I’ll see if Nameless ex-autocrat can do anything to help, otherwise I’ll set up my attack. Stupid Planar Lock… with more order slots I could remove the combat card from Xaklyth’s stronghold, attach the Hellfire Ballista, and march the Dark Stalkers into position all on my own. Instead, I can only do two of those things, which will give Xaklyth a chance to stop me.
Nameless ex-autocrat sends an email to us, this time excluding Inquis, claiming that he thinks Inquis is feeding information about our plans to Xaklyth. Apparently someone used the Secret Manipulation ritual to move Nameless ex-autocrat’s Hounds of Hell last turn. He suspects Inquis, with his high Deceit power. Inquis has been acting oddly; he hasn’t gone after Baleyolfynn like I thought he would, and he’s conquered a Place of Power this turn even though he’s excommunicated and no longer has any use for Prestige. Maybe he’s just messing with us at this point. We exclude him from our planning from this point forward, and discuss what to do. It seems more sensible to set up Nameless ex-autocrat to attack, with me removing the combat card on Xaklyth’s stronghold. Incidentally, Nameless ex-autocrat used a Prophecy ritual to spy on that combat card, learning that it applies a whopping -7 drain to all of an attacker’s combat stats. We’ll have no chance if we can’t remove it. The plan is to have me remove the combat card this turn, then use Sowing Confusion to stop Xaklyth’s juggernauts next turn. Here’s hoping.
Then Nameless ex-autocrat emails us back to let us know that he can’t actually attack, because Baleyolfynn’s territory is in the way. Since we’re still law-abiding archfiends, we can’t just indiscriminately march through each other’s land. It will take too long to go around, so I’ll have to make the attack. Nameless ex-autocrat says he can use Deceit to lower one of the combat stats on Xaklyth’s stronghold to zero. We pick melee, as this might let my Dark Stalkers conquer it without the Hellfire Ballista; I would simply strip the combat card and move the Dark Stalkers into position this turn, and then attack next turn. Provided we can get rid of that pesky Legion of the Maw that’s providing combat support. Nameless ex-autocrat says he’ll try a Secret Manipulation ritual to move this last defensive legion out of the way.
Our latest emails have only been to each other. I’m worried that maybe it wasn’t Inquis who was telling Xaklyth our plans. Baleyolfynn may still be holding a grudge against Nameless ex-autocrat.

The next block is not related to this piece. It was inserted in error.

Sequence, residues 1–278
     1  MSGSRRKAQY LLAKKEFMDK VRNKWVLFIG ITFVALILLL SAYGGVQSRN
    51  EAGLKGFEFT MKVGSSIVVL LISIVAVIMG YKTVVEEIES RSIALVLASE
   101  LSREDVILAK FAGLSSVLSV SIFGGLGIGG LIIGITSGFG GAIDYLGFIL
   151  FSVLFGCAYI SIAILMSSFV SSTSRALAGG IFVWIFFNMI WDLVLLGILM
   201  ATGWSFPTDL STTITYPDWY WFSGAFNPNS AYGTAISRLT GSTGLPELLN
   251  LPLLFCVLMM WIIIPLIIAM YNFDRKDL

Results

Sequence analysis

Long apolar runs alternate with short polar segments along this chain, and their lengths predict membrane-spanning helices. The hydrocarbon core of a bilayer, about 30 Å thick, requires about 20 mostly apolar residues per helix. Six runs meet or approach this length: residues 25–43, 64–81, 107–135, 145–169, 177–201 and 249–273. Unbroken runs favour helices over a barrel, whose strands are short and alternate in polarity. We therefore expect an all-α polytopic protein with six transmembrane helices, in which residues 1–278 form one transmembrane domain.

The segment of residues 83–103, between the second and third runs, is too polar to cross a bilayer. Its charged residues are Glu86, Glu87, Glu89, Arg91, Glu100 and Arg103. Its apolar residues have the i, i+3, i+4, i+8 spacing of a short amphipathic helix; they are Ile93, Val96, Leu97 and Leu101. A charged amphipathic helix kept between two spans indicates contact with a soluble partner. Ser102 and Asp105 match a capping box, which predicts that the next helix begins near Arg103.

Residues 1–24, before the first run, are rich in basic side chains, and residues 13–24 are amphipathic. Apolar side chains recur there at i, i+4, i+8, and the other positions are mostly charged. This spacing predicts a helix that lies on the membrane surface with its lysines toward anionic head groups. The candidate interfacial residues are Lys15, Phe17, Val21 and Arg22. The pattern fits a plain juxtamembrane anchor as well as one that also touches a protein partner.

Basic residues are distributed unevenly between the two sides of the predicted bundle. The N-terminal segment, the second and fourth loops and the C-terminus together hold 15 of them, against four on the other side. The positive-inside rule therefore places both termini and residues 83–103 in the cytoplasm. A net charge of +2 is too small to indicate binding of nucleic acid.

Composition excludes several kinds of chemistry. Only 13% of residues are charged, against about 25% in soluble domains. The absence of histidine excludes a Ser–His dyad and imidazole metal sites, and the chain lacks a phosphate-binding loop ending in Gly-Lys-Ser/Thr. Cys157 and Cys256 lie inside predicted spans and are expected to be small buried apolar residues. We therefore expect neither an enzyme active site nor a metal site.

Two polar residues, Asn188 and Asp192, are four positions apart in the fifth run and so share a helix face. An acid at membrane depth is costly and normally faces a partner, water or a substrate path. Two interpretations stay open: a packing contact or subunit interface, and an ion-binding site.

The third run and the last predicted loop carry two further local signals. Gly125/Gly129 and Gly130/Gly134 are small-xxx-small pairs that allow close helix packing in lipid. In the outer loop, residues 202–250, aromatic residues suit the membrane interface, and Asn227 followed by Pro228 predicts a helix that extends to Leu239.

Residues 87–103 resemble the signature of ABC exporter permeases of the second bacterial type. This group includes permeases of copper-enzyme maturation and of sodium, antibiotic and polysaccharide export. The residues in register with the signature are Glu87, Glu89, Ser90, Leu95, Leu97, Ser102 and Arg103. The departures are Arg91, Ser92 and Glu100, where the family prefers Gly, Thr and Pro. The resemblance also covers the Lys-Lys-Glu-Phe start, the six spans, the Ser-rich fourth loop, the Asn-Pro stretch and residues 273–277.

I give orders to march the Dark Stalkers into position and cast Pain and Punishment to strip off that pesky combat card. We’re going to need all of our rituals to work if we hope to succeed. Here we go.
I’m greeted with this:
How!? My marching order was in my first order slot, so whoever this was must have acted before me in the turn order. I check, and the only archfiends who got to act before me this turn were Nameless ex-autocrat and…
I should have known. He was livid when he lost his vendetta against Nameless ex-autocrat, and apparently he’d do anything to stop him from winning. Including helping Xaklyth take the throne. But I didn’t suspect him until it was too late. He already knew too much about our plans. His Secret Manipulation moved my Dark Stalkers north of my stronghold, where they were utterly crushed by Xaklyth’s juggernaut personal legion.
Ironically, this stopped Xaklyth’s advance, and spared Rufus and Big Beak’s stronghold from capture this turn. But they are powerless to do anything now, and can only watch as Xaklyth comes for them. Oh, and their attempt to remove Xaklyth’s combat card failed anyway, so their fate was sealed.
Nameless ex-autocrat’s Hounds of Hell are gone, I assume they died from Destruction rituals. And there’s now a second combat card on Xaklyth’s stronghold, presumably because Baleyolfynn warned him of our intentions. But Nameless ex-autocrat’s Secret Manipulation ritual worked, moving the Legion of the Maw away. It’s little consolation, since there’s no way to stop Xaklyth from winning now. But maybe I can save Rufus and Big Beak from banishment to the Abyss. Xaklyth’s Infernal Juggernaut ritual has made his personal legion absurdly strong, but the one thing it didn’t boost is their health. They still have only 6 points of health, and I still get to act before Xaklyth does. If I can destroy his legion with a single Infernal Affliction ritual, before it’s able to march, I might just survive.
I can also try to frame Baleyolfynn for excommunication out of spite. Except, actually I can’t. To do that I’d need to direct an Infernal Affliction ritual at the Infernal Conclave, and then frame Baleyolfynn for the ritual. But the Conclave no longer control Pandemonium, Xaklyth does. Blasting the city is not considered an act of treason as long as he’s in power. Oh well. I throw two more Infernal Affliction rituals at Xaklyth’s other legions, using up all my ritual slots. With my final order slot, I decide to have my personal legion march on my own stronghold. They’ve been useless all game, so there’s something fitting about a pathetic suicide charge to try and take back my stronghold from Xaklyth, even though it will already be too late.